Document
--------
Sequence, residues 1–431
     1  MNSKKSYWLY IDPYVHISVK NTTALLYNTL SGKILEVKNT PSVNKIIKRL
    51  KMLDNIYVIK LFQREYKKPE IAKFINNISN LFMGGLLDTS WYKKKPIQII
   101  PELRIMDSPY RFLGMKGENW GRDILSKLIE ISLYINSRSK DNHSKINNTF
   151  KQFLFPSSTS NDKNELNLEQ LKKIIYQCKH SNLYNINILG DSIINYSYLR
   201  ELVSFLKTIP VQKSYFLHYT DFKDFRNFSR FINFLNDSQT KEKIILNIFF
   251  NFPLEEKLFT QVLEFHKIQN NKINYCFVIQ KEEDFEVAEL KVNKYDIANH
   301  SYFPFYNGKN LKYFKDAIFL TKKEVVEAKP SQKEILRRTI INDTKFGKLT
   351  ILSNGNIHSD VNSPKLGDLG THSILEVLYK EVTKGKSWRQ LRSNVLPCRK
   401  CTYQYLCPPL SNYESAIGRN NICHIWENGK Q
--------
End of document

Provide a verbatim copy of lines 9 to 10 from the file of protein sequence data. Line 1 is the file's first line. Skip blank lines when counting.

   351  ILSNGNIHSD VNSPKLGDLG THSILEVLYK EVTKGKSWRQ LRSNVLPCRK
   401  CTYQYLCPPL SNYESAIGRN NICHIWENGK Q